United Kingdom economy expands on Brexit stockpiling

United Kingdom economy expands on Brexit stockpiling

Britain's economy grew at a faster pace in the first three months of this year as businesses stockpiled goods to prepare for a Brexit deadline that has now been delayed. The optimistic data comes in defiance of fears of a "no-deal" Brexit that dominated the UK's political agenda at the beginning of the year.

Gross domestic product (GDP) growth rose to 0.5 per cent between January and March, according to the Office for National Statistics (ONS).

Manufacturing recorded a 2.2 percent rise in manufacturing.

Manufacturers delivered orders early as companies cleared their order books ready for the original Brexit withdrawal date of 29 March. UK-made medicines also met rife demand from continental Europe, driving the nation's exports as well. Real GDP growth is estimated to have contracted by 0.1% in March 2019. "When you look at the broader picture, what's happening in Germany, what's happening in the EU27, this is good solid performance for the United Kingdom economy, given the circumstances".

The UK's trade deficit doubled in 1Q19, from £8.9 bln to £18.3 bln, which is a negative development, given the gradual reduction of the deficit over the past few quarters.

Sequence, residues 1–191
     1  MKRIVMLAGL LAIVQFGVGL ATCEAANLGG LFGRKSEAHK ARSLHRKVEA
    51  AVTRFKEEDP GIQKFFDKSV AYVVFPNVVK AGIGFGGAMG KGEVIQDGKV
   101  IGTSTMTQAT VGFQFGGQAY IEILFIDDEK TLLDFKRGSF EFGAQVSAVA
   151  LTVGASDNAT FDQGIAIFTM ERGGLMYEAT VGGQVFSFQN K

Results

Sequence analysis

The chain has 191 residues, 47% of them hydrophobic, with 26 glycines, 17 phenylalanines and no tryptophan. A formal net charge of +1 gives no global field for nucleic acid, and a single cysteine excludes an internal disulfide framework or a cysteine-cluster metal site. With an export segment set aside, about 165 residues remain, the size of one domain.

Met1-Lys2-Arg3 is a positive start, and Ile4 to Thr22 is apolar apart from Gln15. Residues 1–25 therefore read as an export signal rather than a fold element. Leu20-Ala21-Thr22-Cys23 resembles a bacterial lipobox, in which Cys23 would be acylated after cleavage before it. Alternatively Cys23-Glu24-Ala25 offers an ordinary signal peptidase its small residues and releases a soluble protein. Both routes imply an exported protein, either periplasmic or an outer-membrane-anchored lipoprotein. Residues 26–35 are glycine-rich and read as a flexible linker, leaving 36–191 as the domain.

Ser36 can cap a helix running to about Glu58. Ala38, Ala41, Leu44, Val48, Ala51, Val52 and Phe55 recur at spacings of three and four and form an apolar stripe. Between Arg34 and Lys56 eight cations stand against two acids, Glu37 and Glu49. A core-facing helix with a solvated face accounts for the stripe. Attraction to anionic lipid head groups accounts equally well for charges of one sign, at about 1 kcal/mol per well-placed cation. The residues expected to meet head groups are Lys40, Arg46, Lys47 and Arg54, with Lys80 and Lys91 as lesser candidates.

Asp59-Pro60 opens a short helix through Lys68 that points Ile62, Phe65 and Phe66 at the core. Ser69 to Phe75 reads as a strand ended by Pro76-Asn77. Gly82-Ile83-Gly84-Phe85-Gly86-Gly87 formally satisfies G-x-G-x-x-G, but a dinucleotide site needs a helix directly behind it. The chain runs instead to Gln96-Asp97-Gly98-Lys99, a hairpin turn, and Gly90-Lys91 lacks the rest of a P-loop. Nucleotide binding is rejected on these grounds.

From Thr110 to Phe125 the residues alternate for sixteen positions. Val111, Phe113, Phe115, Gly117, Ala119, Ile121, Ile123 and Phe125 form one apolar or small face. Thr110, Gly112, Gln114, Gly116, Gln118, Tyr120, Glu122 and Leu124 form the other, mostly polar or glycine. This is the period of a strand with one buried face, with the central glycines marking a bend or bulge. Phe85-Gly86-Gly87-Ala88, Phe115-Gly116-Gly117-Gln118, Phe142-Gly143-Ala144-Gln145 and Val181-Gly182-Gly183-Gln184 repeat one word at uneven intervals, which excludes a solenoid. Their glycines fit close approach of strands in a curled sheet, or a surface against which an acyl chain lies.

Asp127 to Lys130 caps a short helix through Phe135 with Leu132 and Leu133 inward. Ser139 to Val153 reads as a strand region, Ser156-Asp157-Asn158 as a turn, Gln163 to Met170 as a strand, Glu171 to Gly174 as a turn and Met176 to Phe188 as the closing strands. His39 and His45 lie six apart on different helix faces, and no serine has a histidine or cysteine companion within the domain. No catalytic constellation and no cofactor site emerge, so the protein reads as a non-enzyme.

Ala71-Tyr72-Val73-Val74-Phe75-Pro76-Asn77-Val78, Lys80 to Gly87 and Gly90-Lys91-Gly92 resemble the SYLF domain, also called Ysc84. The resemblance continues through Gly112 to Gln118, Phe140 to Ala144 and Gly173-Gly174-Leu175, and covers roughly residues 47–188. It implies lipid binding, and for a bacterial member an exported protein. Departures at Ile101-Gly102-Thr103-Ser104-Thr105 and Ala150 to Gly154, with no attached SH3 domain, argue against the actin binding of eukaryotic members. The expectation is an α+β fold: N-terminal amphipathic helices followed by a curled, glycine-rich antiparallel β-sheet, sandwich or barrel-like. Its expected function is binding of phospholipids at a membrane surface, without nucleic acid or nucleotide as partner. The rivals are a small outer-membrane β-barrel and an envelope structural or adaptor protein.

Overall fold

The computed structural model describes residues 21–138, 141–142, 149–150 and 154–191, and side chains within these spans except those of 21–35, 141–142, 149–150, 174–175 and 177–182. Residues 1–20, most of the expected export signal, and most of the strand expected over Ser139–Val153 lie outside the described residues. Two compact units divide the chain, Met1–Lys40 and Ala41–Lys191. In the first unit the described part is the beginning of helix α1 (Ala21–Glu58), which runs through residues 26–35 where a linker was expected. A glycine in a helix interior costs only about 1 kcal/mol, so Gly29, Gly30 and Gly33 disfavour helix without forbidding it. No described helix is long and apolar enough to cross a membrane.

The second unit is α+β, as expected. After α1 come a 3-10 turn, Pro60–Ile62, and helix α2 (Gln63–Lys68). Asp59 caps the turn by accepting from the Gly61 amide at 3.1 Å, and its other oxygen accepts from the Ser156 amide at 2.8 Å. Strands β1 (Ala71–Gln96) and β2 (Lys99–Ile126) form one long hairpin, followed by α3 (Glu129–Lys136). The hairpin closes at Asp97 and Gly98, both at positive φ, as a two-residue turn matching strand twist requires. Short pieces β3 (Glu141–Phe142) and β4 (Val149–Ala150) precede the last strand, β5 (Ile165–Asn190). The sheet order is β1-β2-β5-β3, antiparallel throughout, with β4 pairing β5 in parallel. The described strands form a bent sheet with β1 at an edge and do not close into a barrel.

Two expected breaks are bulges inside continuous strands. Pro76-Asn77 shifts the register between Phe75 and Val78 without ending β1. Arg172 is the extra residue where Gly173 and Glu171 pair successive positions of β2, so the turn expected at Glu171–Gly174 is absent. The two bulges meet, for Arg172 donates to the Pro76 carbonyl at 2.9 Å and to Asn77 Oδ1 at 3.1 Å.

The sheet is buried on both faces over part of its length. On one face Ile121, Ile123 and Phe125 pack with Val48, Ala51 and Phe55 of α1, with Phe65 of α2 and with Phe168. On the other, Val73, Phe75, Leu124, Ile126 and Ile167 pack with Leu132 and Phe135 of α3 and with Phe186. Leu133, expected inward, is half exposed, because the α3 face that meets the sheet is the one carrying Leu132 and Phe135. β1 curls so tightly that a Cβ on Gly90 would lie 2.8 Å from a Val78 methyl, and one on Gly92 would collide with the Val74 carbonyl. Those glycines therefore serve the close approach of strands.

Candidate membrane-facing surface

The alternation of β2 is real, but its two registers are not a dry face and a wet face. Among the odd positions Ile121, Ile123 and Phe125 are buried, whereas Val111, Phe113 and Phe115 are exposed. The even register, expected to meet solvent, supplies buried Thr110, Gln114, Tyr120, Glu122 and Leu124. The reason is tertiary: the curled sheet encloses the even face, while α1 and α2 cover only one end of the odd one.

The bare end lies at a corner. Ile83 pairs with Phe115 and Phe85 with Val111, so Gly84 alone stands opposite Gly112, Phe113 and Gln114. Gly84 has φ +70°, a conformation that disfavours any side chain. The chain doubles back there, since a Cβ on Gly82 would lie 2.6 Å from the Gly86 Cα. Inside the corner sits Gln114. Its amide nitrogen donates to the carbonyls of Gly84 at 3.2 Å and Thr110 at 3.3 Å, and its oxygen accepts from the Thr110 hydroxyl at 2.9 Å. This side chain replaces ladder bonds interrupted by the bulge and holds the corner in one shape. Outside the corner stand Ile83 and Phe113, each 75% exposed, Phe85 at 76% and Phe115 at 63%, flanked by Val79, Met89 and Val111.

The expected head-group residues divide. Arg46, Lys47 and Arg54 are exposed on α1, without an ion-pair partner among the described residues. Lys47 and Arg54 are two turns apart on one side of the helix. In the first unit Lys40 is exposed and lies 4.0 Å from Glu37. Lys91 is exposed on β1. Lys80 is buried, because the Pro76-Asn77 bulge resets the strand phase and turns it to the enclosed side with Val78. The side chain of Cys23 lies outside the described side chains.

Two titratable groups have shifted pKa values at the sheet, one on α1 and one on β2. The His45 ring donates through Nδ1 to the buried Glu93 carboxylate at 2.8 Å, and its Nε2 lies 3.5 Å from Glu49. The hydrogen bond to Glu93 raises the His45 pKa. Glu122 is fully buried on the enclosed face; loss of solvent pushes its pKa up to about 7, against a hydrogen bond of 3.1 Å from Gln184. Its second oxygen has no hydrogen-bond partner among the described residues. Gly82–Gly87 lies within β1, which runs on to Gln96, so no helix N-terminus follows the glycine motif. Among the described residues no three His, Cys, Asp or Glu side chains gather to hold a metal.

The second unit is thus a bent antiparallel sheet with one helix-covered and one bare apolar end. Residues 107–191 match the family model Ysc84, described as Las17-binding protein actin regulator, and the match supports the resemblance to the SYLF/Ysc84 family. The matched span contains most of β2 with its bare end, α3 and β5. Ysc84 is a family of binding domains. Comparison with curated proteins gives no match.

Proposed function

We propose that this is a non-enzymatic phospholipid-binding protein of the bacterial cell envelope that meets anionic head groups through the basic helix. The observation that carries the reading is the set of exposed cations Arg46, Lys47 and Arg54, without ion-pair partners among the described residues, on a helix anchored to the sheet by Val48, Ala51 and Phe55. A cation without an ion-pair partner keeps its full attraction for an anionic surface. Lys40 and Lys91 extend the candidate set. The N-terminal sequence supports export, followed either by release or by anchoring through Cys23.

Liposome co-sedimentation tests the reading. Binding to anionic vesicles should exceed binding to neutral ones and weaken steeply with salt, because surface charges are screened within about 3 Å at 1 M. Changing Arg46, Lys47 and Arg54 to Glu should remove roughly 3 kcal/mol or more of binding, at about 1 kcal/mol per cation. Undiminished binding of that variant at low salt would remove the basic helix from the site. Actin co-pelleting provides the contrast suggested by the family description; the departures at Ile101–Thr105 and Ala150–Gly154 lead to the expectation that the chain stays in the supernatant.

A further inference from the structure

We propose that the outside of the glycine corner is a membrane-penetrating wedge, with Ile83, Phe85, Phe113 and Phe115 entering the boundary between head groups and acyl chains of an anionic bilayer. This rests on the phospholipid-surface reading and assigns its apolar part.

However, he said that he remained sceptical about whether the consumer growth is likely to be sustained.

Production output increased by 1.4 per cent while manufacturing output grew 2.2 per cent - the biggest growth for more than 30 years - partly due to Brexit stockpiling.

Tej Parikh, a senior economist at the Institute of Directors, believes the strong three month figures could be "a flash in the pan".

Yet, in its latest quarterly forecasts released earlier this month, the Bank of England pointed out that although some stocks were being sourced from elsewhere, European Union firms were also stockpiling United Kingdom goods ahead of Brexit. Labour MPs say work productivity remains low, while gains in wages remain scant across many sectors of the economy. The Chancellor hailed the figures, but told us he expected companies to hold off on spending until a Brexit deal is done.

The first-quarter growth figure was meanwhile in line with market expectations. While a build-up of inventories boosted GDP by 0.7 percentage points, a large proportion of stocks were imported, meaning the economy suffered in its trade position.

The Government's consumption increased by 1.4 percent, up slightly on 1.3 percent in the final quarter of a year ago.



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